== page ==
What to Expect When You’re Expecting: An Overview of the Proposed Federal NIL Bill

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A sneak peek into the potential future of federal name, image, and likeness (NIL) regulations has emerged with the release of a draft bill. This development marks the first significant step towards a federal NIL law since the 2022 election, following the congressional hearing on NIL held in March of this year. The circulation of draft bills indicates Congress’ interest in establishing more standardized laws surrounding NIL, aiming to supersede the increasingly complex web of state regulations and enforcement.

Although the bill has yet to be formally introduced, a draft of the Fairness Accountability and Integrity in Representation of College Sports Act, known as the “FAIR College Sports Act,” is now available for review. This proposed federal NIL bill outlines several key provisions designed to address the current challenges and concerns in collegiate NIL, including:

  1. Safeguarding student-athletes who have entered into NIL agreements from retaliation by institutions of higher education.
  2. Protecting athletes’ rights to earn compensation from NIL opportunities and sign with agents.
  3. Prohibiting boosters, collectives, and other third parties from enticing student-athletes with inducements to attend or transfer to specific schools, effectively banning pay-for-play practices.
  4. Requiring registration within 30 days for agents, boosters, and collectives involved in NIL deals.
  5. Allowing associations, conferences, and institutions to restrict NIL deals related to the promotion of gambling, tobacco, alcohol, controlled substances, lewd and lascivious behavior or material, or any other product or service inconsistent with an institution’s religious values. These entities would also have the authority to impose “reasonable” limits on the amount of time student-athletes can engage in endorsement activities tied to NIL agreements.
  6. Establishing a new regulatory body responsible for formulating and enforcing rules pertaining to collectives, boosters, and student-athlete NIL contracts.
  7. Preempting existing state laws.

Most notably, the bill proposes the creation of a new regulatory body, the United States Intercollegiate Athletics Committee to oversee the collegiate NIL landscape. It is worth noting that the acronym – USIAC – when pronounced, sounds oddly similar to “you suck.” This committee will be tasked with setting NIL rules, enforcing compliance, and providing guidance to athletes and collectives involved in the NIL process.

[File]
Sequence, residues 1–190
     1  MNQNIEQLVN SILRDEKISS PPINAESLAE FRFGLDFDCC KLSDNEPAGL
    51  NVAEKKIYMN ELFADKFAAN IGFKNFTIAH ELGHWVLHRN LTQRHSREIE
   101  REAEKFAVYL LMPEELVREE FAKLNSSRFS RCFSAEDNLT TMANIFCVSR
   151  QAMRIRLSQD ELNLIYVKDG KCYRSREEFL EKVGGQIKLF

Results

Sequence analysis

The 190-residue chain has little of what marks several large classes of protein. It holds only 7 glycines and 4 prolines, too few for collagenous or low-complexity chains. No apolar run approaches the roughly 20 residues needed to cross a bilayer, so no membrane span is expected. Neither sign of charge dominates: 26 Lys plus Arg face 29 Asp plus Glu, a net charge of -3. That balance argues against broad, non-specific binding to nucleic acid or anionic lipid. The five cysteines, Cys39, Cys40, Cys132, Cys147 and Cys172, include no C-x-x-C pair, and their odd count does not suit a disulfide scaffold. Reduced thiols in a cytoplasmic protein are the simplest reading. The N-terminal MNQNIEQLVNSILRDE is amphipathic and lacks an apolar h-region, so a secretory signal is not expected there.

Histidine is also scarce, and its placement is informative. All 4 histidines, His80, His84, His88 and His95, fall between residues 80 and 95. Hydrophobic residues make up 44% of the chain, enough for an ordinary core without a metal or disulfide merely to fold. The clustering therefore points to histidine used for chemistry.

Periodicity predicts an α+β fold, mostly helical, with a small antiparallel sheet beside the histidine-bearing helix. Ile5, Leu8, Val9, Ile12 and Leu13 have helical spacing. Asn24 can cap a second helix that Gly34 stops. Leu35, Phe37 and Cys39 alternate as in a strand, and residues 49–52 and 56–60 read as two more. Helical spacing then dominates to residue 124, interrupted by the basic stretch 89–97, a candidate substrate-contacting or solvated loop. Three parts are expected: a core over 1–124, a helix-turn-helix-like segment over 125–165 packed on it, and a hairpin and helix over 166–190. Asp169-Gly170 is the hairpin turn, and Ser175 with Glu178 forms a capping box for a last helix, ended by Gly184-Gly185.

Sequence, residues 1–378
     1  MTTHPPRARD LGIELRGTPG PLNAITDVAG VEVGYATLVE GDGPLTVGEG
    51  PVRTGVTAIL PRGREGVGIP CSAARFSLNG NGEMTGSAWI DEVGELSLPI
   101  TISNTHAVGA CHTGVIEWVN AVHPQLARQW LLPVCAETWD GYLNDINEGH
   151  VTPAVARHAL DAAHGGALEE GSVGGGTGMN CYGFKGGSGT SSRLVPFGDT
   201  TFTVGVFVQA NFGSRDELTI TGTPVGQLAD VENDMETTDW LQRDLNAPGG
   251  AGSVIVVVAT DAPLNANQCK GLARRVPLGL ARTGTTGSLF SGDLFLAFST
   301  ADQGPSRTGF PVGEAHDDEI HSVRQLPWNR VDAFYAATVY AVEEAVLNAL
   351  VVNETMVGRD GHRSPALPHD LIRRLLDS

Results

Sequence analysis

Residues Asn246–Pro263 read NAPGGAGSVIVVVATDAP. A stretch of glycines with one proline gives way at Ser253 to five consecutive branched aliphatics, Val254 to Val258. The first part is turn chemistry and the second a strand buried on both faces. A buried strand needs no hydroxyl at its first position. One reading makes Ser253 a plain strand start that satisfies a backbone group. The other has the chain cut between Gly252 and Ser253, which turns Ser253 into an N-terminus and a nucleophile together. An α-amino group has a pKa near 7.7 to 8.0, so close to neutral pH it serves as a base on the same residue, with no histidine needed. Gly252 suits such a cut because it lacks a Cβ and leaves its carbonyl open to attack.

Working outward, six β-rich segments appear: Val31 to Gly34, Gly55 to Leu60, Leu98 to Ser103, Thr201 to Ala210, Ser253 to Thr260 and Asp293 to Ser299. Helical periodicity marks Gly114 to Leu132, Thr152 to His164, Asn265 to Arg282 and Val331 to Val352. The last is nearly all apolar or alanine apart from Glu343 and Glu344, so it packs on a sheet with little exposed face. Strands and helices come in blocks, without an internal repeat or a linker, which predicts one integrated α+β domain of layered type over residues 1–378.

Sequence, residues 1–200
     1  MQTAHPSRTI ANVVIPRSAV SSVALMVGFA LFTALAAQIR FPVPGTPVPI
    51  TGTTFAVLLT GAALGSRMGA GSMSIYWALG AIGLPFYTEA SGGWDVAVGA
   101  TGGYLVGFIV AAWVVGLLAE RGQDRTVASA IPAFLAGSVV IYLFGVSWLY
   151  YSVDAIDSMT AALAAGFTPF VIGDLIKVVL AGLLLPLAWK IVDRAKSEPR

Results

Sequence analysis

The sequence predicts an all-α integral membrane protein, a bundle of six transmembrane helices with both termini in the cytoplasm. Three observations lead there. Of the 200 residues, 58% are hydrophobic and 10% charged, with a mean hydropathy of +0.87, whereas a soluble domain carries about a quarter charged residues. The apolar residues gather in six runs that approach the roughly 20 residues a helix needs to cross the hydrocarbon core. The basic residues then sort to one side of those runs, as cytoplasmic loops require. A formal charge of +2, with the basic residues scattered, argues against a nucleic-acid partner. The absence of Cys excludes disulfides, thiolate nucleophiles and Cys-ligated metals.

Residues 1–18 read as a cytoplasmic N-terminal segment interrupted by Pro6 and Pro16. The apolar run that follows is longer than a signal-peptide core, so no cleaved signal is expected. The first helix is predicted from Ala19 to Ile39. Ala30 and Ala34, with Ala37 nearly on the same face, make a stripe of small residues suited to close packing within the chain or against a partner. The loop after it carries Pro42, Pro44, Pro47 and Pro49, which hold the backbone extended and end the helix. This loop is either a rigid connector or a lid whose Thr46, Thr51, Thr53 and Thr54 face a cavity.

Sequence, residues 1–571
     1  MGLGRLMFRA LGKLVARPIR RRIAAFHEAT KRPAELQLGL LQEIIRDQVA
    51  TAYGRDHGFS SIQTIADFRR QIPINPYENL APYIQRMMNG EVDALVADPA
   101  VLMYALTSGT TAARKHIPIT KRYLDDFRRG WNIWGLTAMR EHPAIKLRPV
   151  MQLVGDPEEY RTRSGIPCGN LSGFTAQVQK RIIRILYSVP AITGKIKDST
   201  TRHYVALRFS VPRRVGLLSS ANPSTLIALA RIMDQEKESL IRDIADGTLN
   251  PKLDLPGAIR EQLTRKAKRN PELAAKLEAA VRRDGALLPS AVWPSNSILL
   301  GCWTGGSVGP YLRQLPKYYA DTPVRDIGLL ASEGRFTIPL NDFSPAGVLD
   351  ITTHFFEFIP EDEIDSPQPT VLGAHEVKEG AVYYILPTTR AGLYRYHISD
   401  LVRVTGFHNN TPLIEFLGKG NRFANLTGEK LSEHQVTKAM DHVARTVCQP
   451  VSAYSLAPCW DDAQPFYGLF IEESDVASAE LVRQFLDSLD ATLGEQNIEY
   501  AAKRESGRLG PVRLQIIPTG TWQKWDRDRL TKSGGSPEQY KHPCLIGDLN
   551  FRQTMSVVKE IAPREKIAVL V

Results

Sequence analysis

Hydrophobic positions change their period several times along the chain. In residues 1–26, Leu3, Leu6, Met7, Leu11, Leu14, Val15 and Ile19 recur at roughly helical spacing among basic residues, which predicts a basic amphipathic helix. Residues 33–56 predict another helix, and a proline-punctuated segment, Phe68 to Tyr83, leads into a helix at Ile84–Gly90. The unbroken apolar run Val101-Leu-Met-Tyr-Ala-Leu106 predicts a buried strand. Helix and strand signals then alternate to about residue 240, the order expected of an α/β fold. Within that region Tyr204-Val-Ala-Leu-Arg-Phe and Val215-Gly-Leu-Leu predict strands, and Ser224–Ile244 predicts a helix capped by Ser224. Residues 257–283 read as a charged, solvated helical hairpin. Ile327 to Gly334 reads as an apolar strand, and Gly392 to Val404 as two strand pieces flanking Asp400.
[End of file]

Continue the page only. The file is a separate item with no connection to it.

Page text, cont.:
According to the draft, a booster is defined as an individual or entity that has made a sports-related donation to a school exceeding a specified annual amount (to be determined by the USIAC) within the past five years. Additionally, a booster would qualify if he/she/it has provided employment to at least one student-athlete during that period. Collectives are defined as organizations consisting of two or more boosters. Agents will be required to register with the USIAC, and student-athletes must report their NIL deals to the USIAC, providing certain information, including the compensation amount.

Any entity found to be in violation of the regulations outlined in the bill will face appropriate disciplinary actions. Enforcement of these regulations will fall under the purview of “existing agencies,” including state attorneys general, for matters concerning agents and third parties. It’s important to note that the NCAA will still retain oversight over athlete misconduct.

As the first federal NIL bill in the current Congress, this proposed legislation seeks to establish a unified framework for governing NIL rights in college sports. However, it is unlikely that this version of the bill will progress, as its sweeping NIL changes and establishment of a new regulatory body will almost certainly face opposition. Nevertheless, the release of the draft bill signifies an interest from lawmakers in attempting to provide some uniformity to the NIL landscape.